This leads on to the other certainty. The certainty that the design you have invested a large proportion of your time and energy, imbued with your design flair and training, and nurtured from conception, will be critiqued. It will be critiqued by your peers, your client and by anyone exposed to it. Do not fear this; use it as a tool to shape your thinking and ultimately your final design.
In big or small teams, peer review will happen. If not of your own work but of others. In fact, you may be the one dishing it out. The art of critiquing is to do it from an informed and considered position. For a designer, that informed and considered position comes from training, but a client is unlikely to hold a degree in design. It therefore becomes the designer’s job to ‘sell’ their design and educate their client about why this solution works.
A client can respond from a more informed position once armed with the reasoning behind a design decision. This will help avoid the scenario where a response is formed from a subjective opinion. For both designer and client alike, it is rarely a good starting point to say “I don’t like that colour” or “have you tried using 20 other typefaces”. There is every probability that the designer has gone through numerous different iterations of the design before deciding to submit this version for review.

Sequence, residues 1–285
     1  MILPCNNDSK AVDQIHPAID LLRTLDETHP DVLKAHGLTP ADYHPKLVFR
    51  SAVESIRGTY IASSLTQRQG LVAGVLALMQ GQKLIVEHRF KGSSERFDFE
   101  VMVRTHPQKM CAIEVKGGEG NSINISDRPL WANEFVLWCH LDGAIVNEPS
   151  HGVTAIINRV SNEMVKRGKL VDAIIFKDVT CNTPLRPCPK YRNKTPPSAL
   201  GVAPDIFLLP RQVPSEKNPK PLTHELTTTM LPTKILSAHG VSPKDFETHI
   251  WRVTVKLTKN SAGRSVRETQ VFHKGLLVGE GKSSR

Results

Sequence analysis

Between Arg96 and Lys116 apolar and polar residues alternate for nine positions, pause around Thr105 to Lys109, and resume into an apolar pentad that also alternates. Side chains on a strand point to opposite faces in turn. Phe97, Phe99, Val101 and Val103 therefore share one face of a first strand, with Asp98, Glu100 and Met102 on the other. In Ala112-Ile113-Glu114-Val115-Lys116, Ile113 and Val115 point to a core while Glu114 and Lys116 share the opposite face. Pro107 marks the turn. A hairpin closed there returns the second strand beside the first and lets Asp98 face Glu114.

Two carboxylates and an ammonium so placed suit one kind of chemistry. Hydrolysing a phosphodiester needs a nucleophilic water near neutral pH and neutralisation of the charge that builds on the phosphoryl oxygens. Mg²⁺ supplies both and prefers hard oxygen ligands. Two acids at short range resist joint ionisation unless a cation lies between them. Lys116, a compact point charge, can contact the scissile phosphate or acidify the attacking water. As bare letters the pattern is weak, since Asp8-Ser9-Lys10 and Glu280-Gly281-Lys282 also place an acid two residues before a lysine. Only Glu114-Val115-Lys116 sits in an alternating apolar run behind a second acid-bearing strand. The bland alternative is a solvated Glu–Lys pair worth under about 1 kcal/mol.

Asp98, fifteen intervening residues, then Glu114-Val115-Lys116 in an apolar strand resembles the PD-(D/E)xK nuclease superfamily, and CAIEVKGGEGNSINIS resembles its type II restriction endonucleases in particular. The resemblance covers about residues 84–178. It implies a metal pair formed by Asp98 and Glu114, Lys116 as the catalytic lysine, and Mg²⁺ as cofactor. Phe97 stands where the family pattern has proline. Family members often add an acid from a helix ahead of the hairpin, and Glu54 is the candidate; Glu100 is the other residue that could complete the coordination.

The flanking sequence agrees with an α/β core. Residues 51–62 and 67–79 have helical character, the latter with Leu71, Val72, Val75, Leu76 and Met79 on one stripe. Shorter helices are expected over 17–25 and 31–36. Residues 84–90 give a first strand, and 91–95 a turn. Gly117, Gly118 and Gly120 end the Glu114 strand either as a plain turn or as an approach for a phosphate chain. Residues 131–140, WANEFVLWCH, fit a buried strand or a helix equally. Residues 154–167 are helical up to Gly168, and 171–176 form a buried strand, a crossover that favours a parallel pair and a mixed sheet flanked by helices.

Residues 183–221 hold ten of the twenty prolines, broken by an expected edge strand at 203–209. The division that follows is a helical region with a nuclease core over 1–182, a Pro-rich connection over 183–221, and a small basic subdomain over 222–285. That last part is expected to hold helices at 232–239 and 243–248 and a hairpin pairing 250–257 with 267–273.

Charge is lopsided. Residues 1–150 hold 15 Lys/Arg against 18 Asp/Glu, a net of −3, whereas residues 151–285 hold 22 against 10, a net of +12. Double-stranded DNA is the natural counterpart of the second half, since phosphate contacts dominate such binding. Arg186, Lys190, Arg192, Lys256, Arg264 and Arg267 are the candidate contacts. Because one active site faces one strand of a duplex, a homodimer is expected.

From a designer’s perspective, the biggest challenge is to not allow their ego to get in the way. Be open to suggestions made by others, as they really could improve the final outcome, however, you are the professional who has had the training. If you can articulate why your final solution is the right solution then go for it. Design by committee rarely generates great results.
Here at Scaramanga, we hold a Friday morning Show & Tell. In rotation each week, a team member will present something they have seen (a video, a brand recently released in the wild, a new website etc.). Irrespective of whether they like what they are sharing, the idea is to open a discussion about the merits of whatever we are reviewing. This helps the presenting designer to ‘sell’ the idea and for everyone else in the team to learn how to formulate their opinion before sharing their thoughts. As a bonus, it also helps the entire team stay up-to-date with the current cultural zeitgeist.